LHP Software’s growth has been so successful that it has outgrown its name.

The privately held, Columbus-based company has become LHP Engineering Solutions to better reflect its services and aid its strategy of growing in the Midwest and western United States.

“In order to grow, you have got to have good branding, good marketing, a good strategy,” company Chairman Ryan Hou said.

LHP helps companies improve their engineering operations and products, with a focus on embedded electronic control systems. An embedded system is a special-purpose computer that is encapsulated by the device it controls. Embedded systems are found in motor vehicles, farm machinery and medical devices, for example.

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Ninety percent of LHP’s projects are related to engineering, so the original “Software” name was misleading, Hou said. He and other company leaders did not want there to be confusion in the marketplace, with potential customers thinking the company provided website or information technology services.

For example, one of LHP’s products is a remote monitoring system that checks the performance of engines. A new product is a rapid prototyping unit that bridges software with hardware and serves as an engine simulator, which is safer and cheaper than testing real engines, said CEO David Glass, who co-founded LHP with Hou on June 1, 2001.

“That’s very exciting,” Hou said of the new product.

LHP kicked off its rebranding with a luncheon event Thursday at The Commons, attended by about 75 people including employees, customers and community leaders. Employees wore blue or gray golf-style LHP Engineering Solutions shirts, and a trade show-type display of company products and information was set up for guests to check out.

Charting growth

LHP’s business strategy is to keep growing, Hou said.And grow it has.LHP has experienced 15 to 20 percent revenue growth in recent years, Hou said. Glass added that the company is expecting that trend to increase to about 25 percent in the near future.

The company started with five employees and did less than $1 million in sales its first year.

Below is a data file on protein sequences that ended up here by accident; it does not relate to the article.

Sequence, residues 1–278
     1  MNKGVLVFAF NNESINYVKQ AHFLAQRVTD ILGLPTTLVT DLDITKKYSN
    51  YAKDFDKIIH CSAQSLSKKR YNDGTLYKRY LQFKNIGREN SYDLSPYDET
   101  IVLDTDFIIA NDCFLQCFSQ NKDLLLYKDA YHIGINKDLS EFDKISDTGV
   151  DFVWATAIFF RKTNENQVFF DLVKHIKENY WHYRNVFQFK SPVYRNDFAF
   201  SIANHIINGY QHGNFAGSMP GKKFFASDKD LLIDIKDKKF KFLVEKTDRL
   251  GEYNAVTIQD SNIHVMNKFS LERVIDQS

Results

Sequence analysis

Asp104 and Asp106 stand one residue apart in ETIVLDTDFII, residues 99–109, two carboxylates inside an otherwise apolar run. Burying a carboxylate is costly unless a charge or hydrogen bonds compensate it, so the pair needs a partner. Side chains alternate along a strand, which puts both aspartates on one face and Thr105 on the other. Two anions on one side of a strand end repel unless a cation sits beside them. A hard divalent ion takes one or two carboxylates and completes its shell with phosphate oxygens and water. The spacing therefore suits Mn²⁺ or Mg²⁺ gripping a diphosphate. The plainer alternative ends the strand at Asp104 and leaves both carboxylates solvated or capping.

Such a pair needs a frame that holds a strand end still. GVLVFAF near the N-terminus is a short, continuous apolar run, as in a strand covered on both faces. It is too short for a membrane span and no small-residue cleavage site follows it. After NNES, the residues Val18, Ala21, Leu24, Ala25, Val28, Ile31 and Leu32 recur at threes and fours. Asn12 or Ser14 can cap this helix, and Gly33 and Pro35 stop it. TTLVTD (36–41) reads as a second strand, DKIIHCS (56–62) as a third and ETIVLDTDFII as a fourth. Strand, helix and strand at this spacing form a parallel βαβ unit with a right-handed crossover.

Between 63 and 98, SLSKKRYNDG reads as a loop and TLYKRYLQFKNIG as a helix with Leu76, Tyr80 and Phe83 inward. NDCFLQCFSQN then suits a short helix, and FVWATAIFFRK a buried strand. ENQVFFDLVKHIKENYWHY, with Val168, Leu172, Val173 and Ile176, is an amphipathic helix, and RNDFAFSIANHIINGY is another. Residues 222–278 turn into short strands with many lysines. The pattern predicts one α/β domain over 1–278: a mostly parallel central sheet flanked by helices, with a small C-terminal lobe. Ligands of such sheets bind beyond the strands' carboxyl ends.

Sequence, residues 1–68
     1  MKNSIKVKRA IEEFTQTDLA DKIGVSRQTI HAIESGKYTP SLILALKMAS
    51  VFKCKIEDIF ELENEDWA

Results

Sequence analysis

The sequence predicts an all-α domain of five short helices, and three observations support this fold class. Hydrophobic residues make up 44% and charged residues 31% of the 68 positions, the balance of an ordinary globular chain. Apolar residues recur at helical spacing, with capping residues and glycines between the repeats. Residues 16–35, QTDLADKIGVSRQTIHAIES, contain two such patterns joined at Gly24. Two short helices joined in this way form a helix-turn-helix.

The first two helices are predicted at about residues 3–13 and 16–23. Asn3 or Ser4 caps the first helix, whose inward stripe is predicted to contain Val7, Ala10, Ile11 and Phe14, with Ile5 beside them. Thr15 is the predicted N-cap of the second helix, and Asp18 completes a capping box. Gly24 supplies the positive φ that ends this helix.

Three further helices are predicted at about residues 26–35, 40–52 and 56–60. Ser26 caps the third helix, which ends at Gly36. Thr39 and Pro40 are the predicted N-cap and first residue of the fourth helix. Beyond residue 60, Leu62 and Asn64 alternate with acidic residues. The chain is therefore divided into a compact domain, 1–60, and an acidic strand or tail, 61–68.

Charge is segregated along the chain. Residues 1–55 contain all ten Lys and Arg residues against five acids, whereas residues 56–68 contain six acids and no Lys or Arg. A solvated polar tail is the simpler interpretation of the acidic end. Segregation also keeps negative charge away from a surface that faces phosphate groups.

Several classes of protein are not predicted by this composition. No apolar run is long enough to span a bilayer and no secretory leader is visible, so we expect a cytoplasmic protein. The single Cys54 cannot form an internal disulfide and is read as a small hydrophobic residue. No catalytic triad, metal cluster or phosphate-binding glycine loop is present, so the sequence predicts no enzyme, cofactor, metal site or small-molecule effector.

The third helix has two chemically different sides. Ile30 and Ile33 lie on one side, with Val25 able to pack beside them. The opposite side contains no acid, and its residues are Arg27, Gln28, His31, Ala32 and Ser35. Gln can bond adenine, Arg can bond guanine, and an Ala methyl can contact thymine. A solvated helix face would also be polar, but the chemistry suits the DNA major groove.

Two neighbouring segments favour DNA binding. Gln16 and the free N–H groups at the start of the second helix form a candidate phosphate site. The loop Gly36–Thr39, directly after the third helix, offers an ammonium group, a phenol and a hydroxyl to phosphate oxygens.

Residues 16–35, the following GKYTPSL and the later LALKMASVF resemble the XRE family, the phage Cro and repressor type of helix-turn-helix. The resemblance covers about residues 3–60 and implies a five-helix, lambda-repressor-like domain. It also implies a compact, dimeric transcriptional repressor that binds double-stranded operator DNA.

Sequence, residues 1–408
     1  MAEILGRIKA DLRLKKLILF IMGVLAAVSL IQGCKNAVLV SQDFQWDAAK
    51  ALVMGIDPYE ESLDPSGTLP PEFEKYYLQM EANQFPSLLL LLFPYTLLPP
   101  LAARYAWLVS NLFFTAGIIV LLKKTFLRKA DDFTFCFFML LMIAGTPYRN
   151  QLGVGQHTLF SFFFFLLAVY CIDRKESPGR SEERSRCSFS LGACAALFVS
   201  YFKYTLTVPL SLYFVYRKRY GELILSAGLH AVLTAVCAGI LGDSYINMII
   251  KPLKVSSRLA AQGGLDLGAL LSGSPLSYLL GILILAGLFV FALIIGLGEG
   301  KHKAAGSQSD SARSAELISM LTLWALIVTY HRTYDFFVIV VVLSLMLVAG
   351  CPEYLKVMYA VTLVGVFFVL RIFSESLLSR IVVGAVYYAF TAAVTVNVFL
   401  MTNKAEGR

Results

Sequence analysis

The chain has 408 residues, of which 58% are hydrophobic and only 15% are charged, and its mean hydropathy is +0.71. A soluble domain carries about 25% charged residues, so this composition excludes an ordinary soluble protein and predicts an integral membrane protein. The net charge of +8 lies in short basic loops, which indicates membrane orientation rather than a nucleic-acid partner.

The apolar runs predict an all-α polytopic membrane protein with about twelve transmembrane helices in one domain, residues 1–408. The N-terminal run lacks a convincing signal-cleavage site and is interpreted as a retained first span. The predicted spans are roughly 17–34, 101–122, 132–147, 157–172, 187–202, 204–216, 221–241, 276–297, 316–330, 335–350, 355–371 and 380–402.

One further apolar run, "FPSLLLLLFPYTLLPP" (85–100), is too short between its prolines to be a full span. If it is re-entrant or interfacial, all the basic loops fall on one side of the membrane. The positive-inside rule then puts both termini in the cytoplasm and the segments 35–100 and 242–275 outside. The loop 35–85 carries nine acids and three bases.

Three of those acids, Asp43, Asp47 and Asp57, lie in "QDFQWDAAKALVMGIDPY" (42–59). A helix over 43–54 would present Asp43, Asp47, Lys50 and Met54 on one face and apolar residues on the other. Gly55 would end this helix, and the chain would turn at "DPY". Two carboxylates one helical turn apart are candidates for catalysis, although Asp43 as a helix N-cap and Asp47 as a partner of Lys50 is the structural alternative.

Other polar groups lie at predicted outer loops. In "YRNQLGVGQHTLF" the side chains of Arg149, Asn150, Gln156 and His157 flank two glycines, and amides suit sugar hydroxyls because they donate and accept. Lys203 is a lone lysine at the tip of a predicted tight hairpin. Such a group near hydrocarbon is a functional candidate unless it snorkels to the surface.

Now LHP has about 250 employees in Columbus and about 350 worldwide, but it has had a need for about 200 more since 2010, Glass said.

The company recorded sales last year of $31 million, said John Greenwell, an LHP marketing specialist.

While most of LHP’s business is with the automotive industry, Glass said LHP’s services also carry over to others such as agriculture, medical devices, consumer electronics and the military.

LHP has two offices in Columbus, plus a building on Washington Street that provides six weeks of dormitory-style housing for new hires to aid with their transition.

The company in 2011 announced plans to build a new $5 million headquarters in the Woodside North Industrial Park. LHP changed course because its Midwest expansion into Michigan became a priority, Glass said, but the company still plans to build a new headquarters in Columbus, although in a different location.

LHP has one other Indiana location, just north of Indianapolis in Westfield. The company has expanded well beyond Indiana, however, with offices in Chicago, Los Angeles, Troy, Michigan, and Fort Collins, Colorado, plus an international office in China and a recruiter in Mexico.

Customer base

LHP’s customers include Cummins Inc., Chrysler, Ford, Honda and John Deere, plus Tier 1 suppliers — companies that supply {span class=”_Tgc”}components directly to the original equipment manufacturer.{/span}In earlier years, LHP’s growth was opportunistic; now it’s a concerted effort, Glass said.He said LHP’s level of growth wasn’t envisioned at the start.

“I didn’t even know what the name should be when we started,” he said.

LHP has accumulated a lot of talent over the years and has a good vision in place, which is aiding growth, Glass said. It provides engineering solutions to help companies optimize their products and processes and does that with engineering skills, technology and products, he said.

“We identify the biggest issues and create a roadmap to move the organization forward,” Glass said.